The sea floor may look barren, but Qi Fu, an experimental geochemist at the University of Houston, says there are places where it is teeming with life.
Hydrothermal vents, fissures on the sea bottom which release fluids heated by volcanic rocks, are particularly rich, but science can't yet explain how the organic compounds found there are formed.
Fu, assistant professor in the Department of Earth and Atmospheric Sciences in the UH College of Natural Sciences and Mathematics, has received a five-year, $516,575 CAREER Award from the National Science Foundation to pursue the study of how organic compounds are formed in hydrothermal environments on the sea floor.
"The sea floor isn't a desert," he said. "There is a lot there."
Carbon-bearing fluids and gases -methane and other organic compounds - are often found issuing from hydrothermal vents, and scientists know they are important components of microbial communities. Understanding how the compounds are formed is crucial to learning more about life in its most basic forms, Fu said.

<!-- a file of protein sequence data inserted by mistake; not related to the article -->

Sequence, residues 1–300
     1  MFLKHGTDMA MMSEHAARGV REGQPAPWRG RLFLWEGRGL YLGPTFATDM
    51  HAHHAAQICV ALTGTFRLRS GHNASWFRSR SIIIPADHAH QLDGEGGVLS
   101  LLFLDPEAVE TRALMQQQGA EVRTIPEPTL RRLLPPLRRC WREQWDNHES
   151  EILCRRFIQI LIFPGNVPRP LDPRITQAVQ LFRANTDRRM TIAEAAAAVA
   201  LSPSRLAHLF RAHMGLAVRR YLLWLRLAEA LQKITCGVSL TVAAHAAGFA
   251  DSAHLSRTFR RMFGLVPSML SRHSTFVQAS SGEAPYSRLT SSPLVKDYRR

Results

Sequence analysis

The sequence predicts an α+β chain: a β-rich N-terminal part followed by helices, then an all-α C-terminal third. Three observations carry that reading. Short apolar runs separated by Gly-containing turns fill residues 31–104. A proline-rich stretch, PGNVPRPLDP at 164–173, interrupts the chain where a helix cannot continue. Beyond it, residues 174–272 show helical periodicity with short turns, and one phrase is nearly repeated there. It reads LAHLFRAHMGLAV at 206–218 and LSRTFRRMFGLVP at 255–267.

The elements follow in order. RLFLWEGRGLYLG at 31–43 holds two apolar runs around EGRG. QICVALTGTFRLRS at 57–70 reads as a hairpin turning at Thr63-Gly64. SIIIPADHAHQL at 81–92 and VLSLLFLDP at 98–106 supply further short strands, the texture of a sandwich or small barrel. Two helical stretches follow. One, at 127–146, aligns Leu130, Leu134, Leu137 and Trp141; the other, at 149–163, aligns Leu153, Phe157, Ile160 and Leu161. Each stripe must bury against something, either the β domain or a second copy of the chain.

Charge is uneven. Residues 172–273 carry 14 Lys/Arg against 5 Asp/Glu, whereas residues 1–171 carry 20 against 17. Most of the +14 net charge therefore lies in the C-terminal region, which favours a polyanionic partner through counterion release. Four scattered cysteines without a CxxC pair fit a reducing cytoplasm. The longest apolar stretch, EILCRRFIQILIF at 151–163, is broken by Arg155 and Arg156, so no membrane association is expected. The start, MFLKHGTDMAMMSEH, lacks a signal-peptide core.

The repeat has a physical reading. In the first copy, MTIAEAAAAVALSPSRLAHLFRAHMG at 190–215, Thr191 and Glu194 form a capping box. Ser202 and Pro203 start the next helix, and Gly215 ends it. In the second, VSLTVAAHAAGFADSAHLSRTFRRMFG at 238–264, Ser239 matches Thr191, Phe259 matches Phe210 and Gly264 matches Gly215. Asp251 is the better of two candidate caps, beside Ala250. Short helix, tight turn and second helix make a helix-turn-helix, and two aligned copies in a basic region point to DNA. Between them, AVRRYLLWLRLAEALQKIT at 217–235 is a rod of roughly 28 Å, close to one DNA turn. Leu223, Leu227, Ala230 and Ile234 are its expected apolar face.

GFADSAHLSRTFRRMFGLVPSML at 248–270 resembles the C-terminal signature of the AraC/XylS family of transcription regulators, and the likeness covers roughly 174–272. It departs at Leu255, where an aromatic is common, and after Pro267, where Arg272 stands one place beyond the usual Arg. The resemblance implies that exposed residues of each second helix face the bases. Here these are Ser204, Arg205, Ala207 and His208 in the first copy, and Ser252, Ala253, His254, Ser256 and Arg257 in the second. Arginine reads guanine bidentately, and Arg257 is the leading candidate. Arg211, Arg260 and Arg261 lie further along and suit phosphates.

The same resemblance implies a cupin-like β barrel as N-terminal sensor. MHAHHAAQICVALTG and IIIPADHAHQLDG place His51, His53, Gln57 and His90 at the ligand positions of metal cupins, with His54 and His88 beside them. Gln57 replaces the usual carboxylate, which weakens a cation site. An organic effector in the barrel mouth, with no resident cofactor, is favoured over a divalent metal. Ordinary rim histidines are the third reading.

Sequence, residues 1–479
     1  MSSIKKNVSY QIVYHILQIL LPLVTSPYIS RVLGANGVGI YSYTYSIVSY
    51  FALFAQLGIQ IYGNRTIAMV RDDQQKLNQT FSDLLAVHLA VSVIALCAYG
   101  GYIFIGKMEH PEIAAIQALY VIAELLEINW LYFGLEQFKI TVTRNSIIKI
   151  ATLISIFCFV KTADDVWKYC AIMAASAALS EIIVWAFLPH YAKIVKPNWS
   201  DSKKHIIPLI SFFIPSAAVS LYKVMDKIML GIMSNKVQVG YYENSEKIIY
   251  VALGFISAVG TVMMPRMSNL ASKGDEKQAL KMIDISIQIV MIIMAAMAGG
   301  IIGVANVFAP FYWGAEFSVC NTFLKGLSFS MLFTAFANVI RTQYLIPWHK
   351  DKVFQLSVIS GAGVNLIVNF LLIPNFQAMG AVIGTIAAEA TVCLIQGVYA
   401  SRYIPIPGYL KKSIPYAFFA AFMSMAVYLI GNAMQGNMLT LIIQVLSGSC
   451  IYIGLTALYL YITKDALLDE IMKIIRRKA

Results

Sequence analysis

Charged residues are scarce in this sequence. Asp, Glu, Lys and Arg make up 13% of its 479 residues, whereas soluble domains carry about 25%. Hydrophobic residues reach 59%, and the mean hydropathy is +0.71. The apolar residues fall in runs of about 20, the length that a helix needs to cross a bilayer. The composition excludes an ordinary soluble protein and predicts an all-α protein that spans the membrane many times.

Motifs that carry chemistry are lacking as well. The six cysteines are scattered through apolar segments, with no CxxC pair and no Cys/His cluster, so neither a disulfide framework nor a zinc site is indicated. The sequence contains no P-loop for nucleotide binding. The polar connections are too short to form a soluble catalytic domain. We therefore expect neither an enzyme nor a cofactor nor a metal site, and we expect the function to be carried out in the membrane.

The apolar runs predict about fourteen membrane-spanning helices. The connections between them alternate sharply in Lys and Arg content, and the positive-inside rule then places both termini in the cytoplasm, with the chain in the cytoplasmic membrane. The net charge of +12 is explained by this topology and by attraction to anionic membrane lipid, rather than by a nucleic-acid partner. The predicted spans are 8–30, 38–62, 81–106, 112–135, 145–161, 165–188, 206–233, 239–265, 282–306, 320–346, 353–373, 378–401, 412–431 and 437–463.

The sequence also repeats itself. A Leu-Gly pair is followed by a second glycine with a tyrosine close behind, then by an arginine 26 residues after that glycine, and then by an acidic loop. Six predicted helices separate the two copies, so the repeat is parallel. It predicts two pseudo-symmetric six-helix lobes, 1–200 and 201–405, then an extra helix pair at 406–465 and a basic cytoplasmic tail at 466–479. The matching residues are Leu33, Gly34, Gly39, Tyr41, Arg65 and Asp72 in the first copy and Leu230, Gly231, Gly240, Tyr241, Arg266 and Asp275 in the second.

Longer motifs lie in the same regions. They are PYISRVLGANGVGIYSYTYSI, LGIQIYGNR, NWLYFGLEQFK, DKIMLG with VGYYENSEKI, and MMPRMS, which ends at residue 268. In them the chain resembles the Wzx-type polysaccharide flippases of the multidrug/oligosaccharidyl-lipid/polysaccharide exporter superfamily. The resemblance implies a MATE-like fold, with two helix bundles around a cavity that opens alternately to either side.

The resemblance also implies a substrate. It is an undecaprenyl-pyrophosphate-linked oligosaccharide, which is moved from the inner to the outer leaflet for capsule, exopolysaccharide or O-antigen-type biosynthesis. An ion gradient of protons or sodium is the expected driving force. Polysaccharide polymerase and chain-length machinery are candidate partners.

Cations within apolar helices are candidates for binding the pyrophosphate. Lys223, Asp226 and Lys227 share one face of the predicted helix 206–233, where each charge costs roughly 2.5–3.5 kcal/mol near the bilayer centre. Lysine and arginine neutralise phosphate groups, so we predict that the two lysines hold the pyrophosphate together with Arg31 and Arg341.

"The origin of life may have been on the sea floor," he said.
But there's a gap between what researchers can observe in natural systems and what they have been able to replicate in a laboratory. Fu's work seeks to bridge the gap.
The research involves simulating the conditions of hydrothermal vents on the sea floor - temperature, pressure, chemical composition and other variables - and attempting to generate organic compounds from inorganic components. His collaborators are marine geochemist William Seyfried Jr. of the University of Minnesota and Shuhei Ono, an isotope geochemist at the Massachusetts Institute of Technology.
NSF CAREER awards are granted to promising junior faculty members who exemplify the role of teacher-scholars, and recipients also do educational outreach to promote a better understanding of science and technology. Fu will work with students at Yates High School and those at other Houston Independent School District, offering mini lectures at the schools and bringing students to the UH campus to tour Earth and Atmospheric Sciences labs and learn more about the University.
He said he also will work with the Houston Museum of Natural Sciences for their World Oceans Day program.